When the Truth Gets in the Way of the Story You Want to Tell
There’s a fascinating episode of Malcolm Gladwell’s Revisionist History Podcast that looks at the issue of truth and how we tell it. In the episode, Gladwell explores the history behind a statue in a park in Birmingham, Alabama that has come to be among the most iconic images of the civil rights movement. It’s called “The Foot Soldier of Birmingham” and shows a fearsome looking white police officer turning loose a ferocious wolf-like beast upon a defenseless young black protester. The sculpture was the creation of an artist named Ronald McDowell and is based on a photo taken by Bill Hudson at a protest in Birmingham on a spring day in 1963. It captures in a visceral and devastating way the malevolent racial injustice of the American south at that time. The only problem is that the moment the sculpture is based upon seems not to have happened. At least not that way.
Gladwell starts with the boy in the picture, Walter Gadsden. Turns out, he wasn’t really interested in the civil rights movement. He wasn’t at the protest because of any allegiance to or interest in the civil rights movement. He was skipping school and was curious about the spectacle. The next day, when his parents saw the picture in the paper, they were mostly angry at him for being downtown when he should have been in school.
In subsequent interviews with Gadsden, it’s remarkable how he stubbornly and simply refuses the narrative that his interviewers quite clearly want him to confirm—that of the courageous young civil rights activist who was the victim of white hatred. At the time of the interview, he doesn’t even seem to have much use for the movement or think it brought his family much benefit! He thinks it was full of “crooked people.” And as for the moment in the photo itself, Gadsden says that he and the police officer kind of just randomly bumped into each other while he was trying to leave the area and that the officer, far from being an aggressor, was trying to hold back his dog. Unsurprisingly, Gadsden has little admiration for the statue itself. He says that it doesn’t look like him—the boy in the image looks younger and “blacker” (more “African”) than he is. Gadsden even relies on some awkward stereotypes of “Africans” (bigger lips) that no doubt made the interviewers squirm.
In sum, an iconic statue based on one of the most famous photos of the civil rights movement seems in truth to have been based a moment where a white cop tried to restrain his dog from attacking a black bystander who didn’t have much use for the civil rights movement. Gladwell summarizes by saying that what Gadsden’s interviewer expected was “a heroic civil rights veteran; what she got was a grumpy old man still wedded to the oldest most awkward of black prejudices.”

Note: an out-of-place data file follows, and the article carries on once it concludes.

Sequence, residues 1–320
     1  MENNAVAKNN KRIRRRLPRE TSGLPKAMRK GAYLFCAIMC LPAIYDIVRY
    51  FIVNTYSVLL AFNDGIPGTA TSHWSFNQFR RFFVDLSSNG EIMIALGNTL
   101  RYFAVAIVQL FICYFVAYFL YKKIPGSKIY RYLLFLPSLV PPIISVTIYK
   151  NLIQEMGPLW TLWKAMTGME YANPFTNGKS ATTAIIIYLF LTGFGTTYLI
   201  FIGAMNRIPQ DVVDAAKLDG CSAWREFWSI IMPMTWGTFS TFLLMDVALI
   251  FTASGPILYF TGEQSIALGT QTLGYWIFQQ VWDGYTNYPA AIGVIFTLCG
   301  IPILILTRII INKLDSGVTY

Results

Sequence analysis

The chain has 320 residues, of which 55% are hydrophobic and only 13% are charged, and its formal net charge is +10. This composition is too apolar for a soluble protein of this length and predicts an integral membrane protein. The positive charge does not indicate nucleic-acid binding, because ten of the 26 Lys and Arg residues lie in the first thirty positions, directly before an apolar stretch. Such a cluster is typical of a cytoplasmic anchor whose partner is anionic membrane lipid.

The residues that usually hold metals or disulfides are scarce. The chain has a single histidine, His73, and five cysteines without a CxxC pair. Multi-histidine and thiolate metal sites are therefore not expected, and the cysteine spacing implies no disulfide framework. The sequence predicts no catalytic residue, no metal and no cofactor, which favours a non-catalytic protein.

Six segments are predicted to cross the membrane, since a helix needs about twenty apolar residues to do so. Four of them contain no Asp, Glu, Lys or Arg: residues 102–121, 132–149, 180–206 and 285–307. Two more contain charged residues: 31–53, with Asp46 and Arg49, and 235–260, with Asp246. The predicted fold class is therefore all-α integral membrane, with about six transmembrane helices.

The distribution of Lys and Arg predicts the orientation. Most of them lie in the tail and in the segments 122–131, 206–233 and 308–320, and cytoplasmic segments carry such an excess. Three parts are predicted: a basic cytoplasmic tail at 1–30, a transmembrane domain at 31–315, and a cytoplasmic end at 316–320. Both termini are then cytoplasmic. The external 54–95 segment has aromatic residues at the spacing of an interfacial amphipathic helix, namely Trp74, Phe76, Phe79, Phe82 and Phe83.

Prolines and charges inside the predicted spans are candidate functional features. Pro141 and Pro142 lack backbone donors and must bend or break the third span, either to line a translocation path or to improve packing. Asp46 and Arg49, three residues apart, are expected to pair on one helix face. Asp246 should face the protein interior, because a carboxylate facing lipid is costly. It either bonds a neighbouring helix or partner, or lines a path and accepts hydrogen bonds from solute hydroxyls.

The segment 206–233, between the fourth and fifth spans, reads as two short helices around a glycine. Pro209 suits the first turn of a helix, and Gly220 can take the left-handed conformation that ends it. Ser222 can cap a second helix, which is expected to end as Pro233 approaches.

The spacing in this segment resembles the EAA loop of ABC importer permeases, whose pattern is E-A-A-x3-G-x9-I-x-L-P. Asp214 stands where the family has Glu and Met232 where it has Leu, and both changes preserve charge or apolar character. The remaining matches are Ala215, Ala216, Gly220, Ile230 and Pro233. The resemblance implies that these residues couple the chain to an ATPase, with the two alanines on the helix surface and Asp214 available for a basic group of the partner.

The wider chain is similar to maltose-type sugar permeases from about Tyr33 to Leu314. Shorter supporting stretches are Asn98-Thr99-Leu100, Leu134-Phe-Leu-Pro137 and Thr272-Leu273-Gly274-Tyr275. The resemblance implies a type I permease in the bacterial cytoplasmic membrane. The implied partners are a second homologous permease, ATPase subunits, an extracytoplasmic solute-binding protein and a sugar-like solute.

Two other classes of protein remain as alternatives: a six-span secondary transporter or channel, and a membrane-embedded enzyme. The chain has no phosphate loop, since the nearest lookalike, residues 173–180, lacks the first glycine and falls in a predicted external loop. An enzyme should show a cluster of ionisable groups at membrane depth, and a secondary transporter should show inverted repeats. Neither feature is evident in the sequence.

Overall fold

Even the most cursory glance at the photo alongside the statue would seem to confirm Gadsden’s version of events (if you want to compare larger versions of these two images, check out the Revisionist History site). In the statue, the cop is more sinister looking, the boy smaller and more vulnerable, the dog bigger and more vicious. In the photo, you can see the cop pulling back on the leash while in the statue there’s a healthy amount of slack. The boy in the photo even seems to be leaning on the cop for support. All in all, it seems like what Gadsden said it was—a more or less accidental, if uncomfortable encounter between a curious bystander and a flustered cop and his dog in a general scene of stress and chaos. But that wasn’t the story that the artist wanted to tell. He wanted, in his own words, to tell a story about “nonviolence” and “power imbalance.” And so this is the story he told.
Of course, I desperately hope it goes without saying (but probably doesn’t) that none of the preceding is a commentary on the civil rights movement as such. And it certainly doesn’t mean that there weren’t plenty of awful stories of power imbalance and heroic nonviolent resistance. The story that “The Foot Soldier of Birmingham” tells was true all over the place in the 1960’s American south and it’s still true all over the place today. But it didn’t tell the truth of that particular moment. And by failing to tell the truth of that moment, I think it tells a very important truth about who we are as human beings and why we tell stories in the way that we do.
Put simply, we don’t like complicated stories. We like our stories cleaned up and sanitized and well tailored for public consumption. We like heroic knights vs. evil villains. We like incorrigible racists and bigots vs. tolerant human rights champions. We like credulous believers vs. rational freethinkers. We like medieval jihadis vs. freedom fighters. We like damned vs. saved. We like lazy welfare sponges vs. hardworking taxpayers. We like sinners and saints and darkness and light and red and blue and black and white. And if reality doesn’t serve up the story that we want? If the truth turns out to be a bit blurrier and more inconvenient than we’d prefer? Well, we’ll just tell the story how we want to.
This is who we are and this is how we tell stories. It just is.
There are three sides to every story, the saying goes. Yours, mine, and the truth. Poor truth, so eagerly and easily trampled over in our desperate attempts to confirm the narratives we prefer. Sometimes the truth is simple. Sometimes the lines are clean between good and evil. Indeed, the civil rights movement as a whole is one of these historical moments. But far more frequently the opposite is true. Usually, the truth is hard and ugly and unwieldy and embarassing and prosaic. It doesn’t sell well and it doesn’t lead to easy and self-congratulatory memes that curry favour on social media.
The truth is… complicated. Just like we who try to tell (or avoid) it are.